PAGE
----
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Jauregia Palace at Irurita



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Part of the Route of Casteles and Fortresses of Navarre, the Juareguía Palace, also known as 'Jauregizuria', stands in the centre of Irurita, a village in the Pyrenean Baztan valley. It is completely built of stone and conserves a number of original windows. It is one of the numerous palacios "Cabo de armería" (noble houses with coats of arms on their façades) built in the kingdom of Navarre in the late 14th and early 15th centuries and one of the eight conserved in the valley.

A traditional palace that reproduces the atmosphere and the physionomy of the palaces with coats of arms of the Baztan valley. The first element built was the three-storey tower: the first for the animals, the second for the living quarters and the third for the defence of the territory.

A common element in the noble houses of Baztan is the coat of arms, a symbol of status that is shown on the façade. The name of the house has remained the same through the centuries, even though the owners have changed. En 1437, Jauregia was initially in the hands of Señor Pedro Periz, and since then has remained in the same family.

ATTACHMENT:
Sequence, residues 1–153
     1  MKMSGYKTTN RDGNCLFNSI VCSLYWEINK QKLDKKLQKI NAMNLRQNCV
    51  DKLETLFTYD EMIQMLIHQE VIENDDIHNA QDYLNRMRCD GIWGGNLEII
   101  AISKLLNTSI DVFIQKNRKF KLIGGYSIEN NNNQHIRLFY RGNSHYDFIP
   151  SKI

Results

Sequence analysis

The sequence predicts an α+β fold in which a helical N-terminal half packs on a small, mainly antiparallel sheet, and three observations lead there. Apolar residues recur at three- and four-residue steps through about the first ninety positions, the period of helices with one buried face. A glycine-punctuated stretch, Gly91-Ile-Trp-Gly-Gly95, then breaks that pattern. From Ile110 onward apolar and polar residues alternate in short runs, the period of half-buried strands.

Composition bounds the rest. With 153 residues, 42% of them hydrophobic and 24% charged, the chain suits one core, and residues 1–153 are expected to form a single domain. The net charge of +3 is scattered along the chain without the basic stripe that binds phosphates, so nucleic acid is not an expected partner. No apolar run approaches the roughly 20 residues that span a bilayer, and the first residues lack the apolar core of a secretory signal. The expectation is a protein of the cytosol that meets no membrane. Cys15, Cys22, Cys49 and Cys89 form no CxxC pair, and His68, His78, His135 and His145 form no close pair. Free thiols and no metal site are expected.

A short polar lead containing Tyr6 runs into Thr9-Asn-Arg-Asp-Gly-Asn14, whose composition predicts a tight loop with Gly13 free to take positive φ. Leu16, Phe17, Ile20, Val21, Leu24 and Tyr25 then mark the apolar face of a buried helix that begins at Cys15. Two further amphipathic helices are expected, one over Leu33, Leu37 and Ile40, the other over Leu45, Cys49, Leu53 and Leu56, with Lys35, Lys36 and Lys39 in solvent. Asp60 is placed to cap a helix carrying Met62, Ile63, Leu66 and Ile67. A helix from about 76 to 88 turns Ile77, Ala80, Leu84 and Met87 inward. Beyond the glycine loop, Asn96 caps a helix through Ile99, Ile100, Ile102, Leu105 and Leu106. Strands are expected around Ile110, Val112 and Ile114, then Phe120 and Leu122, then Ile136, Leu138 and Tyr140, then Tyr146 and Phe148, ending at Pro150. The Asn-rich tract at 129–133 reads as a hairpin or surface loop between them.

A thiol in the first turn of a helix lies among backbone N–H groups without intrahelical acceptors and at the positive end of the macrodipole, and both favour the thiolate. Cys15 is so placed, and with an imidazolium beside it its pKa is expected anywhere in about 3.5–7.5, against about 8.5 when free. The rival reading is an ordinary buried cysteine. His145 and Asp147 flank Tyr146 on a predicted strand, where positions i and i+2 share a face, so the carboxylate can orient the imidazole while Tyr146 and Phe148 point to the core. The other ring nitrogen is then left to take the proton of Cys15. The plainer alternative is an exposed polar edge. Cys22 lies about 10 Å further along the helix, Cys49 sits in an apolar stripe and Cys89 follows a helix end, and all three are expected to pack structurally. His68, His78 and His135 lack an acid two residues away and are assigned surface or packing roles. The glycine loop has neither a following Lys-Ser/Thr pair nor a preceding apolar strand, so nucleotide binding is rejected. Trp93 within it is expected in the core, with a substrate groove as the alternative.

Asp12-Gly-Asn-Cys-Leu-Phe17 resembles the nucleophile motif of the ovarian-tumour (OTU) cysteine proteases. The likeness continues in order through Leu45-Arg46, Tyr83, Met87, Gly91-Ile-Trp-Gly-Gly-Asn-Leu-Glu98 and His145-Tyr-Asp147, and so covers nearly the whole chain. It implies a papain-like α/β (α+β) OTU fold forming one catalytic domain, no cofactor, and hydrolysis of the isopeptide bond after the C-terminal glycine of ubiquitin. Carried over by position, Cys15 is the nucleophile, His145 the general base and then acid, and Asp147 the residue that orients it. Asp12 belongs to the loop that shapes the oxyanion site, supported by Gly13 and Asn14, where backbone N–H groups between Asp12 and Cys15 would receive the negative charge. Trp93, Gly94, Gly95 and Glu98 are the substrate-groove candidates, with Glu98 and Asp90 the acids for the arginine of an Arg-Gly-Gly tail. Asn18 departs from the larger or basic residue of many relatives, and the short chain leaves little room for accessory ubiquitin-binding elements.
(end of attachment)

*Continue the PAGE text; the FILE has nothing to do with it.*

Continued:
In the 18th century there were great social and economic changes in the valley. The palaces lost their defensive elements and were dedicated to the life of the nobility, thanks to the money from emigrants to the Americas and the positions of power held by local officials. To reflect these changes, Jauregia was extended with a small baroque palace attached.

In the interior of the palace one can see one of the sides of the tower, which was partly hidden when the adjacent building was constructed. A guided visit takes you back in time and allows you to browse through family souvenirs and furniture in the different rooms. Among the most curious items are a baroque bedroom in which "Aunt Pilar's bed" is conserved - this is not common because the beds of people who suffered long illnesses were usually burned - ; a 17th-century tribulario (chest of drawers to hold accounts) carved from box wood in the Asturias-León style; a "great-grandfather's cradle" with a rattle made from an original cowbell, and documents of great value that set out to reflect the purity of Christian and royal blood.
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